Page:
43 10-43 Posterior Scapular Muscles 4 Muscles –superficial = Trapezius –deep = Rhomboids and Levator scapulae Trapezius –rotate scapula upward –retract scapula –depress scapula With Levator scapulae and Rhomboids elevates scapula With Serratus anterior depresses scapula

44 10-44 Rhomboideus mm. –medial border of scapula to C7-T1 Posterior Scapular Muscles Levator scapulae –from superior angle of scapula to C1-C4

45 10-45 Muscles Acting on Humerus Crossing shoulder joint to humerus –2 arise from axial skeleton prime movers in flexion and extension –arise from sternum and clavicle or T7-L5 and ilium Pectoralis major Latissimus dorsi

46 10-46 Arise from scapula –Deltoid is prime mover flexion, extension and abduction of humerus –Coracobrachialis assists in flexion – Teres major assists in extension –Remaining 4 form the rotator cuff muscles that reinforce the shoulder joint capsule Muscles Acting on Humerus

47 10-47 Posterior View of Cadaver Chest

48 10-48 Rotator Cuff Muscles Extending from posterior scapula to humerus –supraspinatus –infraspinatus –teres minor Extending from anterior scapula to humerus –subscapularis All 4 help reinforce joint capsule. Supraspinatus Infraspinatus Subscapularis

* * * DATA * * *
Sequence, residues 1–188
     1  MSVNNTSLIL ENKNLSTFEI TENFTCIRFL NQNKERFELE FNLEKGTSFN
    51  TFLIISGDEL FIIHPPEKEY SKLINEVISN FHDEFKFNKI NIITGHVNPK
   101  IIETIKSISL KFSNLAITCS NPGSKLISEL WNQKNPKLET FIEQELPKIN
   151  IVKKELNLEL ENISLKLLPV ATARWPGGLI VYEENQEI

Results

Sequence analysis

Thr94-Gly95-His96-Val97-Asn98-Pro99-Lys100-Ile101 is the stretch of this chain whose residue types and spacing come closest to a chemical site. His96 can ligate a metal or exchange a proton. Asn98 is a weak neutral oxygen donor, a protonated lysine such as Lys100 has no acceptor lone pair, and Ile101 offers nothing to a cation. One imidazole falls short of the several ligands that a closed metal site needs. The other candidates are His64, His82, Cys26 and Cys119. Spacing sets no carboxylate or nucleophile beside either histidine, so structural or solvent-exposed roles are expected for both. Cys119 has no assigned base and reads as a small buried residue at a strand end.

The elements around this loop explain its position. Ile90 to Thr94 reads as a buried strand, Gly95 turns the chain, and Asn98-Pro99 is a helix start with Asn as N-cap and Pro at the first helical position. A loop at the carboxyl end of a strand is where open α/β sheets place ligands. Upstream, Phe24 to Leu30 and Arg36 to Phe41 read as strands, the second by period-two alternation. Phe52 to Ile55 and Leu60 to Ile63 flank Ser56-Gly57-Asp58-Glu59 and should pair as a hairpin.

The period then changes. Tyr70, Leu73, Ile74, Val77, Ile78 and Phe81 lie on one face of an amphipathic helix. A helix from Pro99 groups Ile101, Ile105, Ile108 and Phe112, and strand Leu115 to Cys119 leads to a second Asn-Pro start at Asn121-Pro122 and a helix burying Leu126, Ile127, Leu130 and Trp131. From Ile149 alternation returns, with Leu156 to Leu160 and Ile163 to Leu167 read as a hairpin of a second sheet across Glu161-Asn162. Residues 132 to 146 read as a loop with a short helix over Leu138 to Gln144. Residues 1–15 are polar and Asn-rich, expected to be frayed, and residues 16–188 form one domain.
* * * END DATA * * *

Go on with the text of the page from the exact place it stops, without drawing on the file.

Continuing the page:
49 10-49 Rotator Cuff Muscles

50 10-50 Anterior View of Cadaver Chest

51 10-51 Muscles Acting on Elbow Principal flexors –biceps brachii inserts on radius –brachialis inserts on ulna Synergistic flexor –brachioradialis Prime extensor –triceps brachii inserts onto ulna

52 10-52 CS Upper Limb and Forearm

53 10-53 Supination and Pronation Supination Supinator muscle Palm facing anteriorly Pronation Pronator teres and Pronator quadratus mm. Palm faces posteriorly

54 10-54 Muscles of Anterior Forearm Flex/extend wrist and fingers, adduct/abduct wrist Digitorum = inserts into fingers Carpi = inserts onto carpal bones Pollicis = inserts into thumb

55 10-55 Muscles of Posterior Forearm Extension of wrist and fingers, Adduct/abduct wrist Extension and abduction of thumb (pollicis) Brevis = short, Ulnaris = on ulna side of forearm Extensors

56 10-56 Thenar group = fleshy base of thumb muscles Hypothenar group = base of little finger muscles Midpalmar group = Interosseus mm. and Lumbrical mm. Intrinsic Hand Muscles

57 10-57 Carpal Tunnel Syndrome Repetitive motions cause inflammation and pressure on median nerve

58 10-58 Anterior Muscles Acting on the Hip Iliopsoas muscle –crosses anterior surface of hip joint and inserts on femur –iliacus portion arises from iliac fossa –psoas portion arises from lumbar vertebrae –major hip flexor Iliopsoas